Wednesday, July 24, 2024

Halloween Horror Nights 2009

When you think about it, this year’s Halloween Horror Nights theme of “Ripped From the Silver Screen” couldn’t be more appropriate for Universal Studios. They are a company founded on making movies, and their park lives by the motto of “Ride the movies.” Perhaps that is why I most thoroughly enjoyed the park’s icon house, Silver Screams.

Silver Screams features this year’s icon character, the Usher, who, having been killed at the movie house decades ago, has come back to show some of his favorite hits, and perhaps trap a few more souls in the theater. Upon entering the dilapidated façade of the Universal Palace theater, it is seemingly brought back to life as the usher guides you into different hallways with giant movie posters detailing the movie scene you are about to walk into. Some, like Shaun of the Dead, are amusing, others, like The Strangers, are downright creepy. All are increadibly well themed. This house seems to be the most cerebral, and requires a second walkthrough to fully appreciate all the details.

Chucky’s house was also a favorite. As you are shrunk down to toy size, Chucky comes to life and battles it out with you and a variety of other childhood toys, like the Hanging Monkeys game, where chains of plastic monkeys hang from the ceiling and, in addition to distracting you from a scare, also are adept at grabbing glasses and pulling them from your face (bespectacled haunters beware!).

The rest of the houses run the gamut from the campy, tongue-in-cheek Leave it To Cleaver! House, to the ornately themed Dracula soundstage house. Although some themes seemed recycled from previous haunts, each house was refreshingly unique. I was impressed that there was no “house” house…that each environment brought to life wasn’t just a haunted “house” but a unique and special locale.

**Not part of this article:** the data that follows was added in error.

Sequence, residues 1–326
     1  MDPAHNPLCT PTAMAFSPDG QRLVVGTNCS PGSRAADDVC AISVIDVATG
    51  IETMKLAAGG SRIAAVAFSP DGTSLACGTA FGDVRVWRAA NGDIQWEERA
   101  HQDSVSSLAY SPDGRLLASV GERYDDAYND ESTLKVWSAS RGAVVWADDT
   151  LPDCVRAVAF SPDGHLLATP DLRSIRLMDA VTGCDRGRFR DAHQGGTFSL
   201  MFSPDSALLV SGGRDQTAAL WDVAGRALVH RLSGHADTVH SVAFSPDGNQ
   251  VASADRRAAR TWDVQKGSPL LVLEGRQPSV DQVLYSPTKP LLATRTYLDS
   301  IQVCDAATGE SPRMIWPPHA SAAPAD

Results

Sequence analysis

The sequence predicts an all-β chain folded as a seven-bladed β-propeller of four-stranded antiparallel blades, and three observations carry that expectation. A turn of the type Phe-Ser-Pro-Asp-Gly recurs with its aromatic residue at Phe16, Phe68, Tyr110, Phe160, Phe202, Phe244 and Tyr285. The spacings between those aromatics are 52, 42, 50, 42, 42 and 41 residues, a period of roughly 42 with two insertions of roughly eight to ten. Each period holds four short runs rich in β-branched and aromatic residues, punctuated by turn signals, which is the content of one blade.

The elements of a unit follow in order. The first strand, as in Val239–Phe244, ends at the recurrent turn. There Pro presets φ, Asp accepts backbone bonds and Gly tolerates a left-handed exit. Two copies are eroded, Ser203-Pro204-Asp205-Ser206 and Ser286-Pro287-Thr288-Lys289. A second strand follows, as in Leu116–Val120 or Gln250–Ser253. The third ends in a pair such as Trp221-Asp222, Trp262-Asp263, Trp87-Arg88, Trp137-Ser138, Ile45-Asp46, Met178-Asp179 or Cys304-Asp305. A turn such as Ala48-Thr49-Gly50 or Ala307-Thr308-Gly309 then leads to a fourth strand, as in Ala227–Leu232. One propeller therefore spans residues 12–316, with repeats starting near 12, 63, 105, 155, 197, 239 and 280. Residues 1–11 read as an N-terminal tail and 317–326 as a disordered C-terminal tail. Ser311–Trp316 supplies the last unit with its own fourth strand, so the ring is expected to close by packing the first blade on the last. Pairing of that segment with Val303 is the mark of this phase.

It also seemed as though scare tactics made more use of light and sound to scare people. Scare-actors activated switches that triggered strobe lights or other lighting effects, as a loud scene-appropriate noise startled even the most casual observer (one scare so startled a member of our party that he ran ahead of our group two scenes before finally putting the brakes on!).

The park’s scare zones are as to be expected. The typical themes of contamination, anarchy, invasion and desolation are all addressed, though the “Lights, Camera, Hack-tion” zone provided a new setting for heavily make-upped people to come up to you and plead “Help me!!”

Finally, the Bill & Ted show delivered on its annual promise of lampooning pop culture’s best and worst in a completely and unabashedly crass manner.

The entire event is well-done, especially in a year that could have seen a large number of cost cutting moves and rehashed gags. As usual, expect every night to be popular, moreso on weekends, so be sure to plan ahead and consider one of Unviersal’s Express or RIP options. For more information, visit

Martin Palicki
Martin Palicki
Martin Palicki owns and publishes InPark Magazine. Started in 2004, InPark Magazine provides owners and operators the perspective from "in"side the "park." Martin has also written for publications like Sound & Communications, Lighting & Sound America, Attractions Management and others. Martin has been featured in Time Magazine, and Folio. Martin lives in Milwaukee, Wisconsin, USA.

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